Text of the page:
It has long been a contention of this website that democracy should be thought of not merely as a set of rules but as a culture. While elections and elected institutions are necessary, they are by no means sufficient. There is a range of other features that are needed to make any system of government democratic. These include political parties, an efficient and accountable administration, career paths for politicians, an active and enquiring media, and a sense of shared identity among the voters.
Simply to create an elected tier of government without these other characteristics is not necessarily going to lead to democracy.
This explains the failure of the prediction, for example, in the Ventotene Manifesto in 1941 that a united Europe might arise directly from the end of the second world war, when
the States will lie broken, when the masses will be anxiously waiting for a new message, like molten matter, burning, and easily shaped into new moulds capable of accommodating the guidance of serious internationalist minded men
No, creating a new supranational system of government is much harder than that, which is why even now the relatively obvious step of creating a European banking system seems so hard to take.
The failure of the last Labour government’s plans to set up regional government in England has the same cause. The regional borders were those drawn up by Whitehall, rather than those with which the voters might identify. There was little thought given to the kind of political culture that regional government might require: it was conceived of simply as bigger local government, and rejected by the voters on that basis.
A new example of the problem at local level is highlighted in a report published by Transparency International, “Corruption in UK local government – the mounting risks”. (Read the report here.) Local government is historically vulnerable to corruption: the report’s author Dr Elizabeth David-Barrett identifies conditions such as:
low levels of transparency, poor external scrutiny, networks of cronyism, reluctance or lack of resource to investigate, outsourcing of public services, significant sums of money at play and perhaps a denial that corruption is an issue at all.
Added to that is the government’s localism agenda – can powers be devolved from Westminster and Whitehall, can local government be given more freedom to use the existing powers that it has? This website likes the idea of devolving powers to local government, but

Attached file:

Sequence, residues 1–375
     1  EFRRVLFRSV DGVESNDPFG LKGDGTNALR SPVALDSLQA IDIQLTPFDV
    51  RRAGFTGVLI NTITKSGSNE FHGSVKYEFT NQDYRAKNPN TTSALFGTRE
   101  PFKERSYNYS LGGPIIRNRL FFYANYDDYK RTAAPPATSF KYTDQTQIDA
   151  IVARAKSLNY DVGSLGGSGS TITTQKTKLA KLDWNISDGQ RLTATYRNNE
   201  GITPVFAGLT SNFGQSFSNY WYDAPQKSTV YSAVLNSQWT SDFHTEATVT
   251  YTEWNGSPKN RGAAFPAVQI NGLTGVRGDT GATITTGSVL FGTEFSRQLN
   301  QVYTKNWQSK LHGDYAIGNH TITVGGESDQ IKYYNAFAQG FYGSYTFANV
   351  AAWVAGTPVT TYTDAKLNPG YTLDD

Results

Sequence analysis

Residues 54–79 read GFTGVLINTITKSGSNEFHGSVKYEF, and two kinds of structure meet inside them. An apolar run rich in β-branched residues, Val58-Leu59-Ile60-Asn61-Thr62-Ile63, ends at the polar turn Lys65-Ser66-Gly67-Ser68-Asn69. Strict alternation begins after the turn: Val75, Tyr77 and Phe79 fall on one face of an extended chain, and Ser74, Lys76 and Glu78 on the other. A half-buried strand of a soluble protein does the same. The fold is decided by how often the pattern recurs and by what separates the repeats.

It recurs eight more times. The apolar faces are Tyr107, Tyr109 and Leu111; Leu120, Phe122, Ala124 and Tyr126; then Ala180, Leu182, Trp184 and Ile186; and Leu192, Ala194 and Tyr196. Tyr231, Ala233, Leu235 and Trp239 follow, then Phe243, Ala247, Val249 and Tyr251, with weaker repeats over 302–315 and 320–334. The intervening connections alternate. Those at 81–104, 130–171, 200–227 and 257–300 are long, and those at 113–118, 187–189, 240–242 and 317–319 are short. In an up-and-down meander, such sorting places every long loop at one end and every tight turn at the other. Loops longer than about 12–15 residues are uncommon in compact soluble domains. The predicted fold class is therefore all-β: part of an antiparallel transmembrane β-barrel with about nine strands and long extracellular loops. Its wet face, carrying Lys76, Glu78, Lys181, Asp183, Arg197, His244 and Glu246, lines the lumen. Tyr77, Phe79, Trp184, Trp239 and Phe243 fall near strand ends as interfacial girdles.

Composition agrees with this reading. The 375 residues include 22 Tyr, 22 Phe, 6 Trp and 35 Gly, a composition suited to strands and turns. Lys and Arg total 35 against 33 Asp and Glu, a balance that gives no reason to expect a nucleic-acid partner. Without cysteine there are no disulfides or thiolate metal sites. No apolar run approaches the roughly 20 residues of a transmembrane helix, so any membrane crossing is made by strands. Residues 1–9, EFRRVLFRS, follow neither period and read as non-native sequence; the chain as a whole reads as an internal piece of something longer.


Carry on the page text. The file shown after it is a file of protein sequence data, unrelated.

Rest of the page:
the system of checks and balances that previously existed to limit corruption has been eroded or deliberately removed. These changes include the removal of independent public audit of local authorities, the withdrawal of a universal national code of conduct, the reduced capacity of the local press and a reduced potential scope to apply for freedom of information requests.
Pause for thought.
Think of a democratic political system as an ecosystem. The various components all live in harmony with each other – the numbers go up and down, but the system is in balance. Now, if we reduce the influence of one pest – rats, say, or the local press – or if we allow some other creature to become too numerous – badgers and lawyers spring to mind – then balance can be impaired.
An example of this described in the report is the problem of one-party councils and uncontested seats. In the absence of electoral competition, administrations can become less, shall we say, scrupulous, and one of the key values of democracy – voter choice – becomes diminished. This was one of the reasons why Federal Union preferred the Alternative Vote to First Past The Post in the electoral reform referendum in 2011.
Healthy democracy depends not only on the fair conduct of elections but on the fair conduct of government. Giving local government more power, a positive development, demands also a lively culture of local democracy. The former without the latter could become very unhappy indeed.